Attackers Abuses Popular Android App to Deliver Triout Malware

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Security researchers have discovered a new version of Android malware named Triout disguising as a popular online privacy application to deliver the malware.

Attacker abuses Psiphon, a privacy tool designed to bypass censored or blocked websites by leveraging a series of proxies to deliver the malware. The application has over 50 million installations and over 1 million reviews in the Google play store.

The tampered app was not distributed using the official Google Play store but through third party ones. The app also was discovered bundled with three adware components – Google Ads, Inmobi Ads, Mopub Ads to generate some revenue.

The malware was discovered by the security researchers at Bitdefender and contains massive surveillance capabilities.

The malware is capable of recording phone calls, log incoming messages, record videos, take pictures and even collect GPS coordinates of the device.

Both the tampered and legitmate app has the same user interface and functionalities. The attackers also have been careful in making it as same as the legitimate app so they can avoid any suspicion from the victims.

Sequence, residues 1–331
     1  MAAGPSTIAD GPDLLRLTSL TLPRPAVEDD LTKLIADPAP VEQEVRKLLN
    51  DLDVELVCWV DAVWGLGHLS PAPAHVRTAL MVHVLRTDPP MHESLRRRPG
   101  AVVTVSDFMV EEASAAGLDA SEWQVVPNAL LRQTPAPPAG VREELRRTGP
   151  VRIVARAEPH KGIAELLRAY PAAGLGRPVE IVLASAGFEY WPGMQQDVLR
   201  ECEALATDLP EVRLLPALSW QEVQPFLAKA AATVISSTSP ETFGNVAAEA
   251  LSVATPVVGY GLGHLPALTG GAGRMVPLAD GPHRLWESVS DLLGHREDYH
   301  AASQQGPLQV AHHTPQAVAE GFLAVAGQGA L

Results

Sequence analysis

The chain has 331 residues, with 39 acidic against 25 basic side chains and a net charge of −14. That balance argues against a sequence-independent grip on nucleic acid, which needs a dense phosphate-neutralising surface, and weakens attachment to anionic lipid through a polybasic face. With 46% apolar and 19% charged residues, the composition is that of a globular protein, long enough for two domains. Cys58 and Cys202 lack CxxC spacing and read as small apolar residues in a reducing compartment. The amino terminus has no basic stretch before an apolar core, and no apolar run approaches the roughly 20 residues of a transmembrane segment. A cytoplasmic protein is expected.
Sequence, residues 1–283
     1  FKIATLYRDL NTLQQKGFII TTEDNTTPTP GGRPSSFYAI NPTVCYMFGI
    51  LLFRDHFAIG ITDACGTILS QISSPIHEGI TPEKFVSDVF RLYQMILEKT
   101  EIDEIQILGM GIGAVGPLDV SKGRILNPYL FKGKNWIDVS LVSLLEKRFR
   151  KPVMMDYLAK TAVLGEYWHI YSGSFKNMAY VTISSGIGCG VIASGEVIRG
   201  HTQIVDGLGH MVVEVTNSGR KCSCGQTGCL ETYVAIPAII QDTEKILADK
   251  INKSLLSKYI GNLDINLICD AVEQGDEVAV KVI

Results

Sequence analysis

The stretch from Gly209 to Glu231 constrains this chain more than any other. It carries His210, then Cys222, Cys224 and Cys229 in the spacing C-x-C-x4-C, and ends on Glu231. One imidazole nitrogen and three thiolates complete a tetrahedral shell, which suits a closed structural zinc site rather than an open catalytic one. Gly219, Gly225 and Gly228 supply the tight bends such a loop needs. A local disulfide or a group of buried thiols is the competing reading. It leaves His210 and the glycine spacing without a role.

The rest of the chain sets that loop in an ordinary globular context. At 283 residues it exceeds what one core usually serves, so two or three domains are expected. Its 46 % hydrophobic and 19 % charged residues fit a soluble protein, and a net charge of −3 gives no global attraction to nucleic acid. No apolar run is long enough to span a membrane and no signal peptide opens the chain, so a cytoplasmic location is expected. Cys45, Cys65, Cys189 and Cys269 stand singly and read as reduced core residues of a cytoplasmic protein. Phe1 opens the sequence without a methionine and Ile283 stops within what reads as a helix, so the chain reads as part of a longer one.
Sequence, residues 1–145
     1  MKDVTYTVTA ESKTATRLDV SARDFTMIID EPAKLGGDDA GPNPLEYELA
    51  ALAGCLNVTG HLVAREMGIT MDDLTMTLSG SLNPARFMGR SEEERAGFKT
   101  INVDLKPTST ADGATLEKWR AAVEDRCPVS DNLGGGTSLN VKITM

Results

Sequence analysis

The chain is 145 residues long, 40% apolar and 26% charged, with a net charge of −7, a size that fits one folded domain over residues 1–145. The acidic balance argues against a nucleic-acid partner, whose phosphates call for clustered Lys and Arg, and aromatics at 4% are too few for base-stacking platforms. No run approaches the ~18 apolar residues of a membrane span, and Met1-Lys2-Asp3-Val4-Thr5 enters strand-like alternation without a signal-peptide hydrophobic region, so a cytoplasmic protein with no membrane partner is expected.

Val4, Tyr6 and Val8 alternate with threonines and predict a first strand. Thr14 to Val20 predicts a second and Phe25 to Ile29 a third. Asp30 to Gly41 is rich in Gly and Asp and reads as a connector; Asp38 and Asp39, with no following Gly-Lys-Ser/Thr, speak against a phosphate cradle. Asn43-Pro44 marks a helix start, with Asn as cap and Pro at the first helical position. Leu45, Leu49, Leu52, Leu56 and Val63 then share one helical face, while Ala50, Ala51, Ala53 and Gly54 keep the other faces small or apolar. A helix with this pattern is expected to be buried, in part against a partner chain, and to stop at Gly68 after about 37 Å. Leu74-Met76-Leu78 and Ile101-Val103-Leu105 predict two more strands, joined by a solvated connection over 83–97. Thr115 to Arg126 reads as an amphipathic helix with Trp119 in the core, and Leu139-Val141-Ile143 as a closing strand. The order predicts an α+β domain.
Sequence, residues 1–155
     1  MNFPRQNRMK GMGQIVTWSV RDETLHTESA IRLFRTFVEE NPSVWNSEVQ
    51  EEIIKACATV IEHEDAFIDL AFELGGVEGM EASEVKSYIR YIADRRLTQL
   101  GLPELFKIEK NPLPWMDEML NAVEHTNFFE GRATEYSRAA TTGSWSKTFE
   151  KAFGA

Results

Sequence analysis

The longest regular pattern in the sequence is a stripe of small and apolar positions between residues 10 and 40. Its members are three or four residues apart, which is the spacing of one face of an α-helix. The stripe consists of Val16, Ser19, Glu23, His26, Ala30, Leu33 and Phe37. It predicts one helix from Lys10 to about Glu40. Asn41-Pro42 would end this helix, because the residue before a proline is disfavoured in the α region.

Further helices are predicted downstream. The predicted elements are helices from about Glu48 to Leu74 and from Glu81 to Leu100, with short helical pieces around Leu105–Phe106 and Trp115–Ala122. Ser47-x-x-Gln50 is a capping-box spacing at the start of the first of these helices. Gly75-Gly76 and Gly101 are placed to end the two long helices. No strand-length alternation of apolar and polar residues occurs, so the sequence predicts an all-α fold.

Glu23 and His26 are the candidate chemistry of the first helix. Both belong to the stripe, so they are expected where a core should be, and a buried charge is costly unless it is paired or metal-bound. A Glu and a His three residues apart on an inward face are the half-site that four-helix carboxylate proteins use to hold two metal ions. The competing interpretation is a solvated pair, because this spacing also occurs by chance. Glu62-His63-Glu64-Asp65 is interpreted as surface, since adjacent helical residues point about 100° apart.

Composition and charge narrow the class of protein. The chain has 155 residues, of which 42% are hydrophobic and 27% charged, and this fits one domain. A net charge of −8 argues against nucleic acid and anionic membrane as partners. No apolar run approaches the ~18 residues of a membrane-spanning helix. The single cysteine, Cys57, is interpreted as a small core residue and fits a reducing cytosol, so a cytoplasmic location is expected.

Triout
Source : Bitdefender

According to researchers, the current version of the legitimate app is v241 and the tampered app seems to be using the v91 version of the original application.

Attackers also changed the C&C server where information collected is sent for the new version. The new C&C Server is still operational and points to a French website (“magicdeal.fr”).

The new version of Triout malware was discovered October 11th 2018 and has been active from May 2nd 2018 all through December 7th 2018.

While analysing the malware was discovered malware running on seven devices, five of those in South Korea and two from Germany.

“The proliferation of Android devices has renewed interest from threat actors in developing malware and spyware frameworks. The ubiquity of these devices in our daily lives, the level of information they can access, and the amount of sensors they’re equipped with (e.g. camera, microphone, GPS, etc.) turn them into the perfect spies if weaponized by malware” said in the post published by researchers.

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